U.S. Officials Say Nearly 14 Million Affected In OPM Breach U.S. officials believe they now understand the scope of the Office of Personnel Management hack revealed earlier this month. Officials say the OPM hack likely affected 14 million people.

U.S. Officials Say Nearly 14 Million Affected In OPM Breach

U.S. Officials Say Nearly 14 Million Affected In OPM Breach

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U.S. officials believe they now understand the scope of the Office of Personnel Management hack revealed earlier this month. Officials say the OPM hack likely affected 14 million people.


The question is not going away. How could the private information of millions of people be stolen from the federal government? Today, those investigating the hack on the Office of Personnel Management say they now understand the scope of this breach, and they tell NPR more than 14 million people may have been affected. We're going to hear about some of the lines of inquiry the FBI and other agencies are following. That includes whether a 2014 report on OPM's computer network provided a roadmap for would-be hackers. NPR's Dina Temple-Raston has been following all of this and joins us now. Welcome to the studio, Dina.


CORNISH: So help us understand this, why it's thought a government report may have essentially shown hackers a way in.

TEMPLE-RASTON: Well, investigators are now following a number of lines of inquiry, including, as you said, whether an inspector general's report tipped off hackers to some of the agency's vulnerabilities. The 66-page report was released publicly in November 2014, and the hack is thought to have come about a month later. Among the things the inspector general found that could have helped hackers was that nearly a quarter of the agency's systems did not have valid authorization procedures. That means things like having passwords or dormant accounts closed or using smart cards or access codes. The reason that's important is because one of the departments that didn't have the correct procedures was the Federal Investigative Services. That's the group responsible for background investigations of federal employees. So that data's very sensitive, and as we know now, this is one of the databases that was hacked.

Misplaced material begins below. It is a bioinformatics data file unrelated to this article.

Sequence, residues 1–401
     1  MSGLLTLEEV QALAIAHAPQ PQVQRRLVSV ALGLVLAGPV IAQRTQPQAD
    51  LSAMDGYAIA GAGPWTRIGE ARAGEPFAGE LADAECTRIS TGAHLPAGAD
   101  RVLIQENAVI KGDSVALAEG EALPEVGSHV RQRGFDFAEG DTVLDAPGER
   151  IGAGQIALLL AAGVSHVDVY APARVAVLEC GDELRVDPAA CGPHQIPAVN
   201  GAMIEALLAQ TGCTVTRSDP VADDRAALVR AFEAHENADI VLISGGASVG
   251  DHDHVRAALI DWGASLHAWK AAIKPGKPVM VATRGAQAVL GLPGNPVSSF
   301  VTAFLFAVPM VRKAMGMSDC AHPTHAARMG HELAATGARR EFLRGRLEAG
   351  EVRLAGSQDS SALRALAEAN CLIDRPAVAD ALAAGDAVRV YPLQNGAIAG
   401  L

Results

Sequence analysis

CORNISH: In the meantime, what else are investigators looking at?

TEMPLE-RASTON: Well, they're also focused on the hack that took place during the government shutdown in October 2013 and whether that played some role in this latest episode. That hack was against the Federal Election Commission, and it had furloughed all of its then-339 employees during the 2013 government shutdown. So that means the FEC's IT, the people who would have been monitoring the networks, weren't on the job.

And it turns out that the Chinese hacked into the FEC system just days into the shutdown. The focus at that time was how hackers were able to - might - maybe get information on subpoenas and donors in investigations that the Federal Election Commission might be conducting. But now officials are looking at whether or not that breach may have helped hackers find vulnerabilities in other government networks.

CORNISH: So does that mean that finding a vulnerability at the Federal Election Commission's computer system might have also led to a hacker finding a vulnerability at OPM?

TEMPLE-RASTON: Exactly. So hypothetically, let's say you're hacking into the FEC network, and you find that it's easy to get into the system through some glitch in the code that runs, for example, the network printers. Then you take that glitch, and you see if that works in a hack against some other federal agency, like OPM. So hacking into one agency can potentially give you a window into how to get into another.

CORNISH: Why isn't the Obama administration saying on the record that China is responsible for this? Is it because they aren't sure?

TEMPLE-RASTON: No. In background conversations, they seem pretty sure. In fact, they're zeroing in on who, specifically, they think is responsible. They're looking at a hacking group that goes after strategic interests for the Chinese government, and it's called - and I'm not making this up - Deep Panda.

CORNISH: Why not say this publicly?

TEMPLE-RASTON: Well, part of the reason is because the U.S. does this kind of hacking and espionage as well, and it's understood that this sort of thing goes on. One official told me that so far, the calculation has been that the trouble that they would cause in naming China specifically seems to outweigh the benefits of calling them out for stealing the information. What's more, as a general matter, officials see a bright line between spying for commercial advantage and spying for national security. This isn't about stealing credit cards or commercial secrets. There's an expectation that they're going to be trying to get this information just as the U.S. is trying to get this kind of information about them. So this falls into a different category.

CORNISH: That's NPR's Dina Temple-Raston. Dina, thank you.

TEMPLE-RASTON: You're welcome.

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